Wednesday, June 19, 2013

What Kind of Musician Am I?

It has become increasingly apparent that I need to decide what kind of music I want to be known for and what kind of musician I want to be known as. I was warned about this several years ago by my friend and fellow composer, M. Ryan Taylor. I’ve been thinking about it all this time, but it’s finally come to a point where I don’t feel I can delay this decision much longer. It’s as much about soul searching as it is defining my audience.

 This is not an easy decision for me. I grew up hearing early country and western music from my mom, who would sing older country and folk tunes that she learned from her father.

 When I was a teenager, I dreamed of playing piano and singing pop and jazz songs in clubs, or playing my trumpet in a jazz group. I know. A teenager who wants to grow up to be a lounge act is one weird kid. At the time, I was listening to a lot of big band music, like Maynard Ferguson and Glen Miller. I was also spinning folks like Chuck Mangione, Tim Weisberg and Tangerine Dream, along with a few pop and rock acts like Billy Joel, Rush and Dan Fogleberg. On top of that, I was digging the likes of Beethoven, Mozart, and the occasional John Williams soundtrack. I was listening to a lot of genres. My own music was mostly love songs designed to woo the young women I was interested in.

 During my senior year of high school, I discovered three musicians that changed my way of thinking about music: Arnold Schoenberg, Phillip Glass and George Winston.  I started writing new age piano music. At the time I thought minimalism was pretty cool, but twelve-tone serialism was the silliest thing I’d ever heard of. Still, I did write a short twelve-tone piece for a music theory course I was taking. It wasn’t until college that I developed an ear for, and the musical understanding of, the language of modern art music. Now I’m hooked.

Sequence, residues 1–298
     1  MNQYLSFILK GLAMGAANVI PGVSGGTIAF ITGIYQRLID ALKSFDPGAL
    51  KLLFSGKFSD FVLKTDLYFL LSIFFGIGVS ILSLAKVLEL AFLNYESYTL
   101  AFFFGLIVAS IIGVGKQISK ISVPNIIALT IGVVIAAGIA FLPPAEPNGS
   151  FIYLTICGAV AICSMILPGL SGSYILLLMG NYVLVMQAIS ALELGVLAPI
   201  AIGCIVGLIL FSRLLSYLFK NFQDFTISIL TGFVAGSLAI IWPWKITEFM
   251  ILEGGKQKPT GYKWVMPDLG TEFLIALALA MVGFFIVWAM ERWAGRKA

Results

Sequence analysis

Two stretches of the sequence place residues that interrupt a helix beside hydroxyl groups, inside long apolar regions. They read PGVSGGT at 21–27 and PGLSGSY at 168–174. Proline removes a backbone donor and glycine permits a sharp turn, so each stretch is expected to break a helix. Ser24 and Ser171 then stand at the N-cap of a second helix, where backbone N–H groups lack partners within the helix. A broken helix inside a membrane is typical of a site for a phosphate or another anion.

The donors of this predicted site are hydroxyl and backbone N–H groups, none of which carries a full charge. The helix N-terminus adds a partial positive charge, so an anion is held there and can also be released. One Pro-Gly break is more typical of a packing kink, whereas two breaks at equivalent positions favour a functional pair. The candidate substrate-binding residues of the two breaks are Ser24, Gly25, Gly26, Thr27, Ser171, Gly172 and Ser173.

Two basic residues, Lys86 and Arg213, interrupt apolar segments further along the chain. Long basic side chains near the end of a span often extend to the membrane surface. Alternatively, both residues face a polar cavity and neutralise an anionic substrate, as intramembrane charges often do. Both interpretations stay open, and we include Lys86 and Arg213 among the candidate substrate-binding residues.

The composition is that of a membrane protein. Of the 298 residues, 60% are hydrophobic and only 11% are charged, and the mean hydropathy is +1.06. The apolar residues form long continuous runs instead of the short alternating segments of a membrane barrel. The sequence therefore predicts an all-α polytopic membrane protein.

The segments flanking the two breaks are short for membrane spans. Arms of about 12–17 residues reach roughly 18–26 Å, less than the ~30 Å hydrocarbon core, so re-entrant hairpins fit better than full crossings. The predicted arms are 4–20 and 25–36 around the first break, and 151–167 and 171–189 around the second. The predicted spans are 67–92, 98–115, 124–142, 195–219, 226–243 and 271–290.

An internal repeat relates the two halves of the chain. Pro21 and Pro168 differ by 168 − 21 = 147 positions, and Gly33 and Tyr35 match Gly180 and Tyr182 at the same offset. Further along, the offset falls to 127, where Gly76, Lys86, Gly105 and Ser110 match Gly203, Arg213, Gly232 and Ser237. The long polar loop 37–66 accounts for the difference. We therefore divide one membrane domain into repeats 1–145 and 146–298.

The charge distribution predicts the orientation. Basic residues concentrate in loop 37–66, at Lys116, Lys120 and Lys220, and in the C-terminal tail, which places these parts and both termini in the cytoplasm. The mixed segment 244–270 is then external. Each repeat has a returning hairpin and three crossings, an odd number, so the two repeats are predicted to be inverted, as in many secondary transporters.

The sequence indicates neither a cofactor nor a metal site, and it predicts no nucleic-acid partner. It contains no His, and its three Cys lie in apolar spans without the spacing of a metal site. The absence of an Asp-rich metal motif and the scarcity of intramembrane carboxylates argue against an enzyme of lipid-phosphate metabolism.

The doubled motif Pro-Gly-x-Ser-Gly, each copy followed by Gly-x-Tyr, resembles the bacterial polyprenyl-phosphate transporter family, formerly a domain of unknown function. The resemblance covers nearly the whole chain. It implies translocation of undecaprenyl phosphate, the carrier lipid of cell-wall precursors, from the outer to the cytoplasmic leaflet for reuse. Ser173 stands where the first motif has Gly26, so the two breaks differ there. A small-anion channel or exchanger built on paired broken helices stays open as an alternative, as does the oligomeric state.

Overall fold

In college, I was introduced to electronic, event oriented music and had a mind blowing experience. I was moved beyond rational thought, somehow understanding the structure and language of what I was hearing from the very first tones. Needless to say, I started writing electronic music as well.

 That is the exact problem. I love it all. I’ve written music, and continue to write music, in almost every style imaginable, but you can’t make a name for yourself doing that. You need to specialize. When someone asks me what kind of music I do, and I start running down the list, a little of this and a little of that, their eyes glaze over. I need to be able to describe myself in a simple, short, and clear way. I’ve never been able to do that.

 I know that making this decision doesn’t magically bar me from working in other styles. It does require that I focus my output more on one area, though. If I’m going to market myself within a pigeon hole, I’d better have a product that reflects it.

1 comment:

  1. It's called "Personal Branding", and it's part decision and part evolution. You can paint it in pretty broad strokes, and still give yourself some room for variation. I've been branding myself for years as a "mormon rocker", but I've written the occasional folk tune, a couple of ballads, and a few odd-ball ones that defy classification. I did a rap tune, for heaven's sake! It depends a lot on what you make the most and what you promote the most.